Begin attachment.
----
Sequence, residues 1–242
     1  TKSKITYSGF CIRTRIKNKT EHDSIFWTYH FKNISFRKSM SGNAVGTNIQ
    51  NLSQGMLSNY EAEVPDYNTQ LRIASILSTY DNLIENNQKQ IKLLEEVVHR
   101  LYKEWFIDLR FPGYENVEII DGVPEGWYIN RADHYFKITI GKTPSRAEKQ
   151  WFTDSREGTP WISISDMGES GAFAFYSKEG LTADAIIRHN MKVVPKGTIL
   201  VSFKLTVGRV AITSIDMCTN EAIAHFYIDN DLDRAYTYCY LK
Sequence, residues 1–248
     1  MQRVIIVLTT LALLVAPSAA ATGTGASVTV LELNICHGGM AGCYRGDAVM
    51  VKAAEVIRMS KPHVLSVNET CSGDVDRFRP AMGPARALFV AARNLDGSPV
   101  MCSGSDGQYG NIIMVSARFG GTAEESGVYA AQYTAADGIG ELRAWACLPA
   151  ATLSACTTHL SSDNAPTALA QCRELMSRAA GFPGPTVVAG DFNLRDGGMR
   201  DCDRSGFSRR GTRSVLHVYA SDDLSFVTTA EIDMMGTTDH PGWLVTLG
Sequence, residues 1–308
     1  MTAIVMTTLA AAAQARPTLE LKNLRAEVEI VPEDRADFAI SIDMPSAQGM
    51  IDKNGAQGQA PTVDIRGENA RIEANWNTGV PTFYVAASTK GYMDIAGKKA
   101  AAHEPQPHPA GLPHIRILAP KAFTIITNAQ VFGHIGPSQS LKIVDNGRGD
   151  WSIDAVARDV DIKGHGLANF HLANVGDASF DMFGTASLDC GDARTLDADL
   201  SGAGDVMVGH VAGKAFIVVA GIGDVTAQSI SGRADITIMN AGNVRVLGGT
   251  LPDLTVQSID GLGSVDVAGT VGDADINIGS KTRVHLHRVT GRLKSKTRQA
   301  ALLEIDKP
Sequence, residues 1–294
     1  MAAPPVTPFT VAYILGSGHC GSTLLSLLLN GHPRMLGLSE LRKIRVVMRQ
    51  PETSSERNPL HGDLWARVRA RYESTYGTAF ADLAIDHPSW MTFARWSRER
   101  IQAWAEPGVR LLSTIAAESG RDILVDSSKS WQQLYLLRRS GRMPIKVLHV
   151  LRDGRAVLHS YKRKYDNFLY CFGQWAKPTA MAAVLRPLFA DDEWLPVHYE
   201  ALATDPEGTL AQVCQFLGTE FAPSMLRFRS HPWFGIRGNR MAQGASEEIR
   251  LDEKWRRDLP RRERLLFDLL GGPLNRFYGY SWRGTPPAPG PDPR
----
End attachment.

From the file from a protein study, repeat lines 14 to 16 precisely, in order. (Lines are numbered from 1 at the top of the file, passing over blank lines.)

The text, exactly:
     1  MTAIVMTTLA AAAQARPTLE LKNLRAEVEI VPEDRADFAI SIDMPSAQGM
    51  IDKNGAQGQA PTVDIRGENA RIEANWNTGV PTFYVAASTK GYMDIAGKKA
   101  AAHEPQPHPA GLPHIRILAP KAFTIITNAQ VFGHIGPSQS LKIVDNGRGD